So Job has called his friends’ bluff. Declare if you know. Over and over again they have said what they have to say, as if just saying the same old thing over and over makes it true. I am told that the Tennessee legislature, back in the 1920’s, passed a law declaring the value of pi, if you remember your geometry, to be an even 3 instead of 3.14159! It was easier that way! Well, Tennessee can pass all the laws it wants, but that does not change reality! Job called his noisy friends’ bluff and Job’s God made them face reality:

"Who is this that darkens counsel by words without knowledge? Gird up your loins like a man, I will question you, and you shall declare to me. Where were you when I laid the foundation of the earth? Tell me, if you have understanding. Who determined its measurements--surely you know!”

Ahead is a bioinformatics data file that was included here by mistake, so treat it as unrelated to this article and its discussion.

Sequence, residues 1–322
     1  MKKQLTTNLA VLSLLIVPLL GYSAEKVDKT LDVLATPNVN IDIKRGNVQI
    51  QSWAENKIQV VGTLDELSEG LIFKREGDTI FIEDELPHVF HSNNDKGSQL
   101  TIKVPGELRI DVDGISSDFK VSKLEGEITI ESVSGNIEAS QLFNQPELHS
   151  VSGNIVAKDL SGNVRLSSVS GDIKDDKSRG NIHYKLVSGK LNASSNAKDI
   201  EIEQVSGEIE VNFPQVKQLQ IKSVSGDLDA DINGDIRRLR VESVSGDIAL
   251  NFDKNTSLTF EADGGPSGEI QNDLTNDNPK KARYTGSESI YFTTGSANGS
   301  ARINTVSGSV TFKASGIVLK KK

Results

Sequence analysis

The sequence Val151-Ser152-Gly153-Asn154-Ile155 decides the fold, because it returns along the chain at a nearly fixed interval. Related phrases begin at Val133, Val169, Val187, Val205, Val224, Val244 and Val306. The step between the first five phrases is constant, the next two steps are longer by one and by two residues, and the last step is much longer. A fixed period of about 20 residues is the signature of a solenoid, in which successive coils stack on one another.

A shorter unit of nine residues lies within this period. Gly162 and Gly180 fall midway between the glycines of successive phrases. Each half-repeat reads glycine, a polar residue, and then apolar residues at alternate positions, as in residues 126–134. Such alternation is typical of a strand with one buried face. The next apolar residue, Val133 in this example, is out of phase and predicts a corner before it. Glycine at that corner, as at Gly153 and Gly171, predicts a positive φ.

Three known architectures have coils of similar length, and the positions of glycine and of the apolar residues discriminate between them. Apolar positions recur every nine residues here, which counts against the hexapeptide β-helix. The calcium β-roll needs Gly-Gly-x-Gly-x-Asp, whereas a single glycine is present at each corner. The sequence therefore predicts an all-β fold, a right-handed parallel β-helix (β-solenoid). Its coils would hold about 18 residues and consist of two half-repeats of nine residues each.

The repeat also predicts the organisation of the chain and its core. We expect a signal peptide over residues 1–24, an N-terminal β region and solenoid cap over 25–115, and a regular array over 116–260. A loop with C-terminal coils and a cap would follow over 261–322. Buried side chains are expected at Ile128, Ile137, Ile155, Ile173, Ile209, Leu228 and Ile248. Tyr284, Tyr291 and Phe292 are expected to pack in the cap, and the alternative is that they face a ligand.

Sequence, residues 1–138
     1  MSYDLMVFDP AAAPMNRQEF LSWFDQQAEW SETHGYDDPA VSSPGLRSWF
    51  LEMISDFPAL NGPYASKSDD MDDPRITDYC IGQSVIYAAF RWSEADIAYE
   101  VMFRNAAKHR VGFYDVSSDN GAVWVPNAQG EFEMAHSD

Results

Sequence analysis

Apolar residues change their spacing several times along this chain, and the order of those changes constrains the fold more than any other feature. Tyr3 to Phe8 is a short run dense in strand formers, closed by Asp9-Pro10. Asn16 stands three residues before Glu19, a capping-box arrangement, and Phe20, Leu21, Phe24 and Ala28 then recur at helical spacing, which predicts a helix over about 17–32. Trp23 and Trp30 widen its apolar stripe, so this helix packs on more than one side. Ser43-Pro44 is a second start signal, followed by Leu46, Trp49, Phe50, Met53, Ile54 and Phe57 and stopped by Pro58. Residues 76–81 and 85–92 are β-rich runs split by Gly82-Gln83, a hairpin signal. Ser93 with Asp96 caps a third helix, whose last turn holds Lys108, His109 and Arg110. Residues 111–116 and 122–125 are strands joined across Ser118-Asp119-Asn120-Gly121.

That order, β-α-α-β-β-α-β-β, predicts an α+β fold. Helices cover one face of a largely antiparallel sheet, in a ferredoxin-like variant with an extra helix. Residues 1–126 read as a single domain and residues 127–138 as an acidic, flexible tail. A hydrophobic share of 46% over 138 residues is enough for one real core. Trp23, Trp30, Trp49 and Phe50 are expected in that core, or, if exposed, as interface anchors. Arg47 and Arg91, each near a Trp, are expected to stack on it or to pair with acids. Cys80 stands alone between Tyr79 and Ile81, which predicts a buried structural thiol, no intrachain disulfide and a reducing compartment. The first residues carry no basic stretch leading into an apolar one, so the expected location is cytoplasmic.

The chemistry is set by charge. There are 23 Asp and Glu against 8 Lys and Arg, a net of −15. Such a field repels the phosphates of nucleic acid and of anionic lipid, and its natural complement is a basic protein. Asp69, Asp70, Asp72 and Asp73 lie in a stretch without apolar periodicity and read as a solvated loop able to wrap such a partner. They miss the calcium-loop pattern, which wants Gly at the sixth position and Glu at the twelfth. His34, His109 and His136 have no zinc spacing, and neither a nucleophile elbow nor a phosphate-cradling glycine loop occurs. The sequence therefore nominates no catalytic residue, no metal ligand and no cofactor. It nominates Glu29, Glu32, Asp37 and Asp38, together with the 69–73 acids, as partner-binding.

What do you really know? Where were you when God made it all happen? Dripping sarcasm, the text says, “Surely you know!” But they didn’t, and we don’t either. We repeat our nostrums, loud and long, and hope that will stick.

But I tell you, even hosannas, often repeated, are not the same thing as knowing Christ. Palm branches, piled high and deep, are not the same thing as trusting Christ personally. The Jerusalem crowd’s devotion was as thin as ice, and it soon melted away. Declare if you know, and only if you know. Cry hosanna only if you know Jesus and know what He is about.


For we substitute noisy religion for knowing Jesus. Job’s friends were very religious. They had an airtight theology. But they had never experienced what he was going through. Their religion was just theory. And the crowd in Jerusalem had its own expectations. I expect they knew the Bible and all about donkeys and palms. But they had never really sensed the heart of Jesus. They knew nothing of His compassion, they felt nothing of His desire to suffer for their sins. It was easy to be boisterously religious; it was not so easy to know Jesus. Declare if you know; it’s not the same thing as being religious.